Mansfield, Missouri

Take a video tour of Rocky Ridge Farm!


In 1894, Almanzo, Laura, and Rose Wilder left their home in De Smet, South Dakota, for good, hoping to find a better life in the Ozarks of Missouri. They bought a piece of property, which Laura named Rocky Ridge, in 1894. They first lived in the tiny one room log cabin on the property, and then added a room on. They planted an apple orchard and began to clear the stony land for farming.

In 1897, the Wilders purchased a house in town and lived there for the next few years. Laura took in boarders and served meals while Almanzo went to the farm each day to work. In this way, they were able to bring in money until the farm could become productive.

The Wilders eventually moved the built-on room a short distance away, and began building the beautiful farmhouse that still stands today. It grew room by room until its completion in 1913.

Meanwhile, their daughter Rose, had left Mansfield, not being satisfied with small town life. She married Claire Gillette Lane in 1909, had an infant son who died in the summer of 1910, and divorced Gillette in 1919. In later years, she returned to Rocky Ridge. She and her friend Helen Boylston moved into the farmhouse, and in 1928, Rose had a rock house with modern conveniences built for her parents. After Rose moved out in 1936, however, Almanzo and Laura returned to the farmhouse, saying they were homesick. They remained at the farmhouse until their deaths.

Rocky Ridge Farmhouse

The Rock House
Laura wrote her books at her two Rocky Ridge homes in the 1930s and 1940s. Even though the royalties from the books must have made the Wilders very wealthy, they did not change their way of life. Almanzo continued to farm until his death on October 23, 1949. Laura remained on the farm alone, with regular visits from Rose, and help from friends and neighbors, until her death on February 10, 1957.


After Laura's death, Mansfield residents L.D. and Irene Lichty began a nonprofit organization in commemoration of Laura and her books. They later persuaded Rose to repurchase the home and grounds which had been left in Laura's will to the library, and were active in its preservation. Today, the house stands as Laura left it. A museum next to the home contains many of Laura's personal belongings and a number of items mentioned in her books, such as Pa's fiddle, Ma's sewing machine, Mary's nine-patch quilt, autograph albums, name cards, and much more. One section of the museum is devoted to Rose Wilder Lane and her literary career.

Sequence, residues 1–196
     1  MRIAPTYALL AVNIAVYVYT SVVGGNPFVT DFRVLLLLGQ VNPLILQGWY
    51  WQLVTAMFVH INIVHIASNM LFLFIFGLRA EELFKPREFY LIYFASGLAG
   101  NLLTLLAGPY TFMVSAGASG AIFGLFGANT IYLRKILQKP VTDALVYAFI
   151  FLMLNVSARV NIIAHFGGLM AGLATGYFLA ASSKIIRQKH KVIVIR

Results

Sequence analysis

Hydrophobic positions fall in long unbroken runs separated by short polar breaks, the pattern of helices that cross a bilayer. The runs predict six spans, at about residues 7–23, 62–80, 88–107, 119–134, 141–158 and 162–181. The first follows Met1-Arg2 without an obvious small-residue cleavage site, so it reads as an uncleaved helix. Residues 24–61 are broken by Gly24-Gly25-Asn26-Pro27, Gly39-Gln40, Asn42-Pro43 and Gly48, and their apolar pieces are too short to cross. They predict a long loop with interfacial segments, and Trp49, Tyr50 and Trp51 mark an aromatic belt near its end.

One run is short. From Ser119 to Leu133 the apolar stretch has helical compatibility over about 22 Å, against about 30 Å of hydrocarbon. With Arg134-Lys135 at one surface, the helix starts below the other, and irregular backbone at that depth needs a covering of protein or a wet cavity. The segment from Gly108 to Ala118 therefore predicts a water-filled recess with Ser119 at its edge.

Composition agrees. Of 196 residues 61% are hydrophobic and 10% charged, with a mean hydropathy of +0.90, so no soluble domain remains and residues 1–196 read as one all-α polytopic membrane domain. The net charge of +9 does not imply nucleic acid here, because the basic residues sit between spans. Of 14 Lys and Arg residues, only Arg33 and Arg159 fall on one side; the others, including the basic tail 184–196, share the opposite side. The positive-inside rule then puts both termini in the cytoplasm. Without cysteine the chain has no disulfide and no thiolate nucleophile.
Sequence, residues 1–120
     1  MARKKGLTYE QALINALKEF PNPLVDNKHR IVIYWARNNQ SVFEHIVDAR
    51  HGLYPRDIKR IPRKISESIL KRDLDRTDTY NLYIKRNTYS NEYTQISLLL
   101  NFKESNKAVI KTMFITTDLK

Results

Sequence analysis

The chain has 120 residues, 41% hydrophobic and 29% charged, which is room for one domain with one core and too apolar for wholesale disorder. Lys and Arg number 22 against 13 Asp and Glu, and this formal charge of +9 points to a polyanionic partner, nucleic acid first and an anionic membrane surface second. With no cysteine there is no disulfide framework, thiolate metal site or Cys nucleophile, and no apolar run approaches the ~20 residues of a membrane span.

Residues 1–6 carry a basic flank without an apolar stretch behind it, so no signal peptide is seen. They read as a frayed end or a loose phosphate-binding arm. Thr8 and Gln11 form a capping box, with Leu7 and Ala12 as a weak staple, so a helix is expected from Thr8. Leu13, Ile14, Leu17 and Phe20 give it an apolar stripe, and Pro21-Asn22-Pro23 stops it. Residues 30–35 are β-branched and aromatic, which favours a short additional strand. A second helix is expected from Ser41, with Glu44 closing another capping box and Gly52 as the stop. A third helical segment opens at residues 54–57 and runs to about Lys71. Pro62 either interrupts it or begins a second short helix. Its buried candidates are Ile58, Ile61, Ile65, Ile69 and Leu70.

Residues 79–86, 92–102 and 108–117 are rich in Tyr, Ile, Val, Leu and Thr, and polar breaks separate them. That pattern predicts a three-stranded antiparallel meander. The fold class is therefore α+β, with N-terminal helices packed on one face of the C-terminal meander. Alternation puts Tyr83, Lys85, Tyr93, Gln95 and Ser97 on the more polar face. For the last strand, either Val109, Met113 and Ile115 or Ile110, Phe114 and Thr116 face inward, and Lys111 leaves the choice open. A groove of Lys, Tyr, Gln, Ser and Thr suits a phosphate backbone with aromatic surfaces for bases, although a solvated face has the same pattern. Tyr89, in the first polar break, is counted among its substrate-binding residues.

The modern rock house that Rose had built for her parents was restored in the 1990s and is now also available for tours. A walking path leads visitors between the two houses.

Other Mansfield points of interest include the Laura Ingalls Wilder Library, the Mansfield Historical Society and Museum, and the Mansfield cemetery, where Laura, Almanzo, and Rose are buried.

"Little House Memories" is an outdoor pageant which recreates scenes from Laura's books, held on weekends during late summer and early fall. Wilder Days is held each September, and features arts and crafts, music, and a parade.

Laura Ingalls Wilder - Rose Wilder Lane Home and Museum
Mansfield, Missouri 65704

Laura Ingalls Wilder, Frontier Girl

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Rebecca Brammer & Phil Greetham
Do not use without permission.